Sides Clash In Anti-War Demonstration

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For the second time this year, pro-military supporters crashed an anti-war protest in Reno, taunting peace activists and chanting "USA."

But unlike the March 22 peace rally, pro-troop supporters kept a distance and didn't stop Saturday's anti-war demonstration at the federal courthouse.

There were no reports of any physical violence or arrests.

"It's negative and aggressive energy (from pro-military supporters), but at least they're keeping a physical distance," said anti-war protest organizer John Hadder.

Federal police estimated that 100 anti-war protesters and 50 counter-demonstrators turned out at the rally against President Bush and his Iraq policy. Similar demonstrations were held across the country Saturday.

Two federal Protective Services officers, who asked not to be identified, said they talked to both sides before the demonstration and urged them to show mutual respect toward each other. They were the only officers at the rally.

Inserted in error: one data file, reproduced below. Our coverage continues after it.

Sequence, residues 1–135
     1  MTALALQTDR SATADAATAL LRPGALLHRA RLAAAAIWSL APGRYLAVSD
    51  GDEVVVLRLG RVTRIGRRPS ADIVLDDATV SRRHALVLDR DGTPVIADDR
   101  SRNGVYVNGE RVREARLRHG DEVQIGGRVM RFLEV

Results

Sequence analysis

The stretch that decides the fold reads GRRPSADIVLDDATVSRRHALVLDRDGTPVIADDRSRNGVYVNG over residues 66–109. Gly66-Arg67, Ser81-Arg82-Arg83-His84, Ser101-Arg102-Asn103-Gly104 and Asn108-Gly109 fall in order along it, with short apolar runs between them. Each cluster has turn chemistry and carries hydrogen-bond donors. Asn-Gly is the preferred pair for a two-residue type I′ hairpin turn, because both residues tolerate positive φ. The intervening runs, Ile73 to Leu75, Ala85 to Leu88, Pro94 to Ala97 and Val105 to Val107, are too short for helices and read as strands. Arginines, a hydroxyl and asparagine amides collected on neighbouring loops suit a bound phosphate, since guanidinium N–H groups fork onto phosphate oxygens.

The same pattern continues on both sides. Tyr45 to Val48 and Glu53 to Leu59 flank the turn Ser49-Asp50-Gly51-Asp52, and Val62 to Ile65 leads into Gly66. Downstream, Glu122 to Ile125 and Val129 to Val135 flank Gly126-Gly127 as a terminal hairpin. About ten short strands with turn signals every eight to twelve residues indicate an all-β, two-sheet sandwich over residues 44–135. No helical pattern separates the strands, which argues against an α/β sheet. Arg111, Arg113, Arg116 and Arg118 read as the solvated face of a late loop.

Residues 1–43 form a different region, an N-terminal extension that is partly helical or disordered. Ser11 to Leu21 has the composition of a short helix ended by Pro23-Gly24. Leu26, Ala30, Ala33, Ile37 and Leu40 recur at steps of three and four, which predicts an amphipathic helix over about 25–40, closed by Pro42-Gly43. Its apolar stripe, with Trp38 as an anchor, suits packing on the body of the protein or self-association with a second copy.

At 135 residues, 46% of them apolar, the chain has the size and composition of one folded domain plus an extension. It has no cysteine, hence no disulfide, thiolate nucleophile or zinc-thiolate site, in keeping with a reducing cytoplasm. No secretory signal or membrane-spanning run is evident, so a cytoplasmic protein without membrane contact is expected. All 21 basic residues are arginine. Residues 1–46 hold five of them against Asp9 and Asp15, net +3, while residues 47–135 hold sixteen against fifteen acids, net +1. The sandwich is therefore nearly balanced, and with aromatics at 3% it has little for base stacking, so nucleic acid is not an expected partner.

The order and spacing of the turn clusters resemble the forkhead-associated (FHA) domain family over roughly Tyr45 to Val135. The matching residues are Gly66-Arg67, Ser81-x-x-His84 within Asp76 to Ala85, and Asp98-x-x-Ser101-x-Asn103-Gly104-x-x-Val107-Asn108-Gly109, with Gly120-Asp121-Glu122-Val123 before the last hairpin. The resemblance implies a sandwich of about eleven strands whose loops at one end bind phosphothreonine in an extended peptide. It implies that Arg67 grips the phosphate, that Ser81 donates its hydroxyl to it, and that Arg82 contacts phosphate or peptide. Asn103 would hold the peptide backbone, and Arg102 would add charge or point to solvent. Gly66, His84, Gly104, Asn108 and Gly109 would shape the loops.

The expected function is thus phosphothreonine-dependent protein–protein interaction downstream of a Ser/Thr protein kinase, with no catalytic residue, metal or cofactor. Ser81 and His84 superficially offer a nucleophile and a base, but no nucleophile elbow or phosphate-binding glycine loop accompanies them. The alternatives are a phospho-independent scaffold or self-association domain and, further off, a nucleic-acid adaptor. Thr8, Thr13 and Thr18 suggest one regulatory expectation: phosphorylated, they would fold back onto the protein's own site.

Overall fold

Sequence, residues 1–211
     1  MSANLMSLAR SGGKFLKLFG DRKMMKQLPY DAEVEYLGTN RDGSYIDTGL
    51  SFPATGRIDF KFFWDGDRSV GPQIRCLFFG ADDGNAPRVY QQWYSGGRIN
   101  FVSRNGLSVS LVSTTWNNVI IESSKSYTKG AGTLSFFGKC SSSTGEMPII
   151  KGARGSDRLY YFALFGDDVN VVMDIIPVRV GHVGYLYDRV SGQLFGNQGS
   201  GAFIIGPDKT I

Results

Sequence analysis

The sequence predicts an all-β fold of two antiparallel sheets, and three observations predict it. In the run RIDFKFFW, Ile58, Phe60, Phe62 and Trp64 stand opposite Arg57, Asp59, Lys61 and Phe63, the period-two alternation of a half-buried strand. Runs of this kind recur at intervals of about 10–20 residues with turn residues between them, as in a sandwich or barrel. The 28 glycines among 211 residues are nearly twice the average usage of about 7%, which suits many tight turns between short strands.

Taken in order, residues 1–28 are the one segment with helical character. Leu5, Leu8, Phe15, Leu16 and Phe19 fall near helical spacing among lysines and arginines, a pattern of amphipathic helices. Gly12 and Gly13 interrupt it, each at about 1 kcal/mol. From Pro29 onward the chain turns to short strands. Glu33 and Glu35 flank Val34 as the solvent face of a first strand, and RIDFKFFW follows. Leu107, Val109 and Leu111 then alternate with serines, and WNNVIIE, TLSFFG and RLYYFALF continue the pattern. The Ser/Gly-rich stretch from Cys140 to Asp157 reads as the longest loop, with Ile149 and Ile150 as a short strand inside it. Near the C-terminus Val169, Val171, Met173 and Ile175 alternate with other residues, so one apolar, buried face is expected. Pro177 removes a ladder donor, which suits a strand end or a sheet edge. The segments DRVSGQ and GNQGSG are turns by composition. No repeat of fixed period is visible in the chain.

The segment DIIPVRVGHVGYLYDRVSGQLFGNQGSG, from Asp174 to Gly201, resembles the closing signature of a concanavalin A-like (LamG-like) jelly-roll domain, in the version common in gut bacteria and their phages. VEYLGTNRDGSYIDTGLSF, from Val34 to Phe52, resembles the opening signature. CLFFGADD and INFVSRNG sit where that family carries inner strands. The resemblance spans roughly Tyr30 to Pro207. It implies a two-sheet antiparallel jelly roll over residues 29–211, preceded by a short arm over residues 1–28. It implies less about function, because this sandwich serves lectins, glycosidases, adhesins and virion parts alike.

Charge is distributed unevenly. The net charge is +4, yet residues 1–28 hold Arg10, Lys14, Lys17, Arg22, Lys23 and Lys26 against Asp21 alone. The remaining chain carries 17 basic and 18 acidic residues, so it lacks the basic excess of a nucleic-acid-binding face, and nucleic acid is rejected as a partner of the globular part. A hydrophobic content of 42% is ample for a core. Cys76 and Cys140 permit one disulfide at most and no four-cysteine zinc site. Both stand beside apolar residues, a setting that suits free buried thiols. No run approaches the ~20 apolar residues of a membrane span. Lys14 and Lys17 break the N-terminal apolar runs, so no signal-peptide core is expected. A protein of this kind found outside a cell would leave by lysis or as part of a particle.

One group of counter-demonstrators stood about 50 feet away during the protest, while a larger group stood across South Virginia Street.

In March, about 200 pro-military demonstrators crashed the anti-war protest, drowning out about 150 anti-war protesters' hymns and speeches with chants and taunting.

The atmosphere grew tense at times as several of the angriest backers of the Iraq war pressed face-to-face with peace activists, calling them "cowards," "traitors" and other names. There were no arrests.

On Saturday, pro-military supporters yelled out similar names and held placards reading "True Americans Support Their Troops" and "Peaceniks Are Dangerous People."

Some peace activists responded with peace signs and held placards reading "Who Would Jesus Bomb?" and "Dear President Bush: Where Are the Weapons of Mass Destruction?"

Norm Evans, 70, of Reno, said the United States should stay in Iraq until its finishes the job.

"Yes, we'll lose one or two soldiers a day, but that's the price of freedom," he said. "They (peace activists) live in a fantasy world. They think all the world would be OK if we pull out of Iraq."

Leslie Deleon, a Truckee Meadows Community College student, disagreed.

"The troops need to come back," she said. "We spend too much money in Iraq when we have critical needs in America." .